I always had a lot of respect for the late Pete Risby. Every time I talked to him it was a pleasure and, also, interesting.
Like a lot of old-time mining people, he had an interesting outlook on life. We can’t replace people like Risby, all we can do is cherish their memory.
He came to the Yukon on June 4, 1957. At the time, he was working at the Cassiar Mine.
In 1964, Risby got into mining and claim staking. He staked an asbestos property, which he found while trying to locate the Campbell Highway.
He was looking for high ground, a place to put a road right-of-way, and noticed asbestos fibre in a creek. Bob Greenway and Dan Van Bibber were working there at the time. They didn’t stake the site though.
Risby sold his claims to the Johns Manville Co. of Quebec.
After that, in 1965, he staked the Pay property in the Pelly Lakes area and optioned it to Al Kulan.
During the exploration of the Faro mine, Risby worked for Kulan and his companies between 1965 and 1977, when Kulan died.
Risby later worked in Bolivia, Chile, Mexico, Nevada, Arizona and New Mexico. In later years, Risby worked in Alaska, Yukon, NWT, BC and Alberta.
He started placer mining in the Indian River area in 1981. He was the Yukon’s placer miner of the year in 1996 and was inducted into the hall of fame in 1996.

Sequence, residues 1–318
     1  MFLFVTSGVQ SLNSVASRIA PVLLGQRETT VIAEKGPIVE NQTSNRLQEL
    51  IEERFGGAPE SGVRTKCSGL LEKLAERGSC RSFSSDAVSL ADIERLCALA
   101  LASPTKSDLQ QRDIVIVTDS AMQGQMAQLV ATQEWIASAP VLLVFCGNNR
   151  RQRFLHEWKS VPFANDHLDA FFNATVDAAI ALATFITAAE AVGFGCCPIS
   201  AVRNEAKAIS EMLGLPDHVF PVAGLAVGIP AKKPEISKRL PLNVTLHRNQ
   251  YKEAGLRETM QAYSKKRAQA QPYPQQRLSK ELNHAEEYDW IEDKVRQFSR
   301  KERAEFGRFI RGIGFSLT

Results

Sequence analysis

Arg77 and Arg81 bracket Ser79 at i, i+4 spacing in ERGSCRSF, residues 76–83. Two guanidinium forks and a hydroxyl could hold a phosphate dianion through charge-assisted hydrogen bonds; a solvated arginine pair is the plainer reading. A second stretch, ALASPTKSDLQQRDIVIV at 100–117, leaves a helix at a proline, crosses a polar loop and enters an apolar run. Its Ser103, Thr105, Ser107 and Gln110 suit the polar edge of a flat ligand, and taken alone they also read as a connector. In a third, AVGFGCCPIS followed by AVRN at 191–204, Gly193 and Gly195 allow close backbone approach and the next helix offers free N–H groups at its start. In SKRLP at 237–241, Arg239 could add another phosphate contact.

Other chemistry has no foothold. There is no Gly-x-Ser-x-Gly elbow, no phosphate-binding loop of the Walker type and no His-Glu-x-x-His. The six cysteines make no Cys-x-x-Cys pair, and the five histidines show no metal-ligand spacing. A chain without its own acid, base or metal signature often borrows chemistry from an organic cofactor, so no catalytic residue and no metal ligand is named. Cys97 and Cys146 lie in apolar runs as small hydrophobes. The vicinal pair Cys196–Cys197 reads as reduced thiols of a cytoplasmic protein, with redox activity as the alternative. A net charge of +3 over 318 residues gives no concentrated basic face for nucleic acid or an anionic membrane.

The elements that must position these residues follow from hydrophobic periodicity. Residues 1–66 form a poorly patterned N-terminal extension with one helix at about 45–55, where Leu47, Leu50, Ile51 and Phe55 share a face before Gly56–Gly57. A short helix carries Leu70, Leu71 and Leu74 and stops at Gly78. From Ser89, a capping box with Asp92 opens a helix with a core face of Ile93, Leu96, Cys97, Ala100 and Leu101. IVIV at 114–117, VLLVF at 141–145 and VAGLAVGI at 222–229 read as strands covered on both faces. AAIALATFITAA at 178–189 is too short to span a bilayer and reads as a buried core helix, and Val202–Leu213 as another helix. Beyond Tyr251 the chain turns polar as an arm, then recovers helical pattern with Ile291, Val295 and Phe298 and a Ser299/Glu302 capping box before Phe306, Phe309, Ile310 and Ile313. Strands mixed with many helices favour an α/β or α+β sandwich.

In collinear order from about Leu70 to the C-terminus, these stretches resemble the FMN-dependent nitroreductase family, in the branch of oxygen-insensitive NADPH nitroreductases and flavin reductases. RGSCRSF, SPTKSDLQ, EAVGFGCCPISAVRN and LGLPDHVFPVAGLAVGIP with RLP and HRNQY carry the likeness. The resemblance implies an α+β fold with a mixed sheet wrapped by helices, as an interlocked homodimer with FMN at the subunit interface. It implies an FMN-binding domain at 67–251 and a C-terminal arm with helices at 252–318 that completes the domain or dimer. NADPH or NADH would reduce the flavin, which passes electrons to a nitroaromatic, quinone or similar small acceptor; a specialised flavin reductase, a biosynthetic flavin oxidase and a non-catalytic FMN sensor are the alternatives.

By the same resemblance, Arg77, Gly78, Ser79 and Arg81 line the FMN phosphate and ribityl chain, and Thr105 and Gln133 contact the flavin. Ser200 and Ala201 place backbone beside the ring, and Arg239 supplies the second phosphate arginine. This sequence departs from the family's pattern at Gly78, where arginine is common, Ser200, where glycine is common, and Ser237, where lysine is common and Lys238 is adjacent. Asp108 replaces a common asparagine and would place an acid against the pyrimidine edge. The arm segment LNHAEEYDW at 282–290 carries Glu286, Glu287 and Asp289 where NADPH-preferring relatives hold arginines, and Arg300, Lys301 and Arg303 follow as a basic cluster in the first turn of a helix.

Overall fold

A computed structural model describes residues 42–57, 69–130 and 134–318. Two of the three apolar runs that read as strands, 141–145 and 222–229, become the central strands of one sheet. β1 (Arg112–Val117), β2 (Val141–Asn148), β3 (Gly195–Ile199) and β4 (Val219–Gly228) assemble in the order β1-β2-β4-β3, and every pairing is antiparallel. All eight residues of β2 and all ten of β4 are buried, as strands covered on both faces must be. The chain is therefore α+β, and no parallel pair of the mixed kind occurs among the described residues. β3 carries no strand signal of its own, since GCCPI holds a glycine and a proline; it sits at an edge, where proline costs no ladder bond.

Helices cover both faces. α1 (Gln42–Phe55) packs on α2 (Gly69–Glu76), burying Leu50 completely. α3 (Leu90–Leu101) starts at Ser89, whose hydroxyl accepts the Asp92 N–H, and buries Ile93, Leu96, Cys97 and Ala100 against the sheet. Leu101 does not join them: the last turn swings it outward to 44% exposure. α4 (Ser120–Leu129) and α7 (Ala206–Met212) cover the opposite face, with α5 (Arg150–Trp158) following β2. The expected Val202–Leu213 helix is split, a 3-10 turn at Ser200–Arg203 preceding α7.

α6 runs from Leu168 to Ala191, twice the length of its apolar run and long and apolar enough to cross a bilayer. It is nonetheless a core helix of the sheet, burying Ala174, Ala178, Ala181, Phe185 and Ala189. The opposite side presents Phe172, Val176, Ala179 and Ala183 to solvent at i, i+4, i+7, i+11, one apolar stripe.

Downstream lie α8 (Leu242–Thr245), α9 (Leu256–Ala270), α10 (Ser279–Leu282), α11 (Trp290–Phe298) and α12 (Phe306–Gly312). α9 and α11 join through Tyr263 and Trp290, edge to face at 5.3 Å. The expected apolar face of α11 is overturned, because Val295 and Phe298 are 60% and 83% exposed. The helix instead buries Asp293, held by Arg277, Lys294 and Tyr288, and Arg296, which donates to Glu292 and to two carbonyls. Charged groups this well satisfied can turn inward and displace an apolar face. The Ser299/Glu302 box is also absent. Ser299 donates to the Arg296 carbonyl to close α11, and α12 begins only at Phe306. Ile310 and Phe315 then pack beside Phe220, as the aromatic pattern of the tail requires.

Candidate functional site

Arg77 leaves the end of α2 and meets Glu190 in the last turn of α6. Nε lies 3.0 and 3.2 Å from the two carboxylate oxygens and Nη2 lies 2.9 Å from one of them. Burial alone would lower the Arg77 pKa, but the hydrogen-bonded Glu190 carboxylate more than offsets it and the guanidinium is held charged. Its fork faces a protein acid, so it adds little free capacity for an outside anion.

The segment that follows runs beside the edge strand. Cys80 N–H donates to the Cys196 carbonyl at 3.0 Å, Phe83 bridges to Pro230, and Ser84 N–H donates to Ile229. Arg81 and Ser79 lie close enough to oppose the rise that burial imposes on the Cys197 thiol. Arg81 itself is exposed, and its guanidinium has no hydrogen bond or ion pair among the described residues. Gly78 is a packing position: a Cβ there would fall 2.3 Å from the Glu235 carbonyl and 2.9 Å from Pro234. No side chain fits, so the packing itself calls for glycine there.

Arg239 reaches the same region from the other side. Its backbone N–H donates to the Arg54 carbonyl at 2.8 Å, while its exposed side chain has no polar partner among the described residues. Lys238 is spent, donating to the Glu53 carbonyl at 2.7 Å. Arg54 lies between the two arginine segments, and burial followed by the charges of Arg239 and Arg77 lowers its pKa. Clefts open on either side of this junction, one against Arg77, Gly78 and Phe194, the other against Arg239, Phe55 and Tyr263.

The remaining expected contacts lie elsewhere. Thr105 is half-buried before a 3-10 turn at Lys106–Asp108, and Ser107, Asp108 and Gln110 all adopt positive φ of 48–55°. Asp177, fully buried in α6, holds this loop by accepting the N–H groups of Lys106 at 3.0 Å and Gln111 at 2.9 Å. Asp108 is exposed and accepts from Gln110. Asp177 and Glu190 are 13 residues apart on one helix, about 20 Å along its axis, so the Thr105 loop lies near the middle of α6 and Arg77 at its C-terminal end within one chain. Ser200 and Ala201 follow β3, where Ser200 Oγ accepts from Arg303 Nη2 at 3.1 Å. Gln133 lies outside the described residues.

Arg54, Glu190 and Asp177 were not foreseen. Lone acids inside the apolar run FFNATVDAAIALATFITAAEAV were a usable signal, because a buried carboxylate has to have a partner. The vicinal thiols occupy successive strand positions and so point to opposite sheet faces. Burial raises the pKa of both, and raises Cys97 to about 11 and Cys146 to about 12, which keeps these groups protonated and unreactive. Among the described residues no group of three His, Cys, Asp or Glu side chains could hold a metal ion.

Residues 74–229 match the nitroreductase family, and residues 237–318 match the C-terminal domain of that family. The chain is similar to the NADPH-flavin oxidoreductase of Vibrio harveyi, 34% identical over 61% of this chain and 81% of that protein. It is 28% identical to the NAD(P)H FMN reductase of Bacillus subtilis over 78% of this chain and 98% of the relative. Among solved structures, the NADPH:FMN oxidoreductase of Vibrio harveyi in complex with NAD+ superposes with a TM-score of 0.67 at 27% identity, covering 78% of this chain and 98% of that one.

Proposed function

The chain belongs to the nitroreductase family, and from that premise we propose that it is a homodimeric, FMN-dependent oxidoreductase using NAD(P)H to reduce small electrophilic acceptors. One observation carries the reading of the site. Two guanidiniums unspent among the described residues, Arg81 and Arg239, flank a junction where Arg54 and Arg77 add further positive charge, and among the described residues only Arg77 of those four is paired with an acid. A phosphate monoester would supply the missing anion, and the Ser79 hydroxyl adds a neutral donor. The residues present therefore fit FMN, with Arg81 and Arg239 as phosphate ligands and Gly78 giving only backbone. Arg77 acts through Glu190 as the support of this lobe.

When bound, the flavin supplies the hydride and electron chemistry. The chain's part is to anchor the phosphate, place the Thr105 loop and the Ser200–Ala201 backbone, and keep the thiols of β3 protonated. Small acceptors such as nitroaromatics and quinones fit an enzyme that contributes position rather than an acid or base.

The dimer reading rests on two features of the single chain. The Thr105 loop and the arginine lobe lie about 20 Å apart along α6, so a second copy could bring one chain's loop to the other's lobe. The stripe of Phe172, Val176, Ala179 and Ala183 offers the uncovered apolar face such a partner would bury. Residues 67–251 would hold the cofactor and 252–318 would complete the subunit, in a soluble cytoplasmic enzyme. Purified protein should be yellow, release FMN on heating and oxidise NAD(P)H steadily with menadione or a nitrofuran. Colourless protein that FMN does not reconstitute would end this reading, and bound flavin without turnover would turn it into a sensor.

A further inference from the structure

It was Risby’s wish that Yukon natives greatly participated in the development of mining in the territory. In the past, Risby, along with John Brock and Kulan, hired all-native prospectors to do their exploration programs, with success.
A celebration of Risby’s life will be held on Saturday, July 2, at 2 p.m. at the Town Hall of the Gold Rush Inn, Whitehorse. Everyone is welcome.
Anyone with information about this subject, please write Jim Robb: The Colourful Five Per Cent Scrapbook – Can You Identify? c/o the Yukon News, 211 Wood Street, Whitehorse, Yukon, Y1A 2E4, or email through the News website, www.yukon-news.com.